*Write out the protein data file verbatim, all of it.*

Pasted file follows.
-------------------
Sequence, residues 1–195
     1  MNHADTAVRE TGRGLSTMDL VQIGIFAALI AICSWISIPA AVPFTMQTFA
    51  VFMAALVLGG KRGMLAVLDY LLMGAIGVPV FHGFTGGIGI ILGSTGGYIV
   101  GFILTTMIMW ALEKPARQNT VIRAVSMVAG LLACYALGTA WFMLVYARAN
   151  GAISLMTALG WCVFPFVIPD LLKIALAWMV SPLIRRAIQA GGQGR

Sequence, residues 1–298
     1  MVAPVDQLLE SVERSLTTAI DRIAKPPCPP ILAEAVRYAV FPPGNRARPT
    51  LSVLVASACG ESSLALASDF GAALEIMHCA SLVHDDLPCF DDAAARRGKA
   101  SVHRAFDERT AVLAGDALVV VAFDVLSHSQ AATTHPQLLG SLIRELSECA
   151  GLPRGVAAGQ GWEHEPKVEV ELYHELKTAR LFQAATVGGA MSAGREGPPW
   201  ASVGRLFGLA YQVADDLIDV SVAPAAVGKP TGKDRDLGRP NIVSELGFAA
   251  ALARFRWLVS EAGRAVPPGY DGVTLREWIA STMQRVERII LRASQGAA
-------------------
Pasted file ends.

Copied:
Sequence, residues 1–195
     1  MNHADTAVRE TGRGLSTMDL VQIGIFAALI AICSWISIPA AVPFTMQTFA
    51  VFMAALVLGG KRGMLAVLDY LLMGAIGVPV FHGFTGGIGI ILGSTGGYIV
   101  GFILTTMIMW ALEKPARQNT VIRAVSMVAG LLACYALGTA WFMLVYARAN
   151  GAISLMTALG WCVFPFVIPD LLKIALAWMV SPLIRRAIQA GGQGR

Sequence, residues 1–298
     1  MVAPVDQLLE SVERSLTTAI DRIAKPPCPP ILAEAVRYAV FPPGNRARPT
    51  LSVLVASACG ESSLALASDF GAALEIMHCA SLVHDDLPCF DDAAARRGKA
   101  SVHRAFDERT AVLAGDALVV VAFDVLSHSQ AATTHPQLLG SLIRELSECA
   151  GLPRGVAAGQ GWEHEPKVEV ELYHELKTAR LFQAATVGGA MSAGREGPPW
   201  ASVGRLFGLA YQVADDLIDV SVAPAAVGKP TGKDRDLGRP NIVSELGFAA
   251  ALARFRWLVS EAGRAVPPGY DGVTLREWIA STMQRVERII LRASQGAA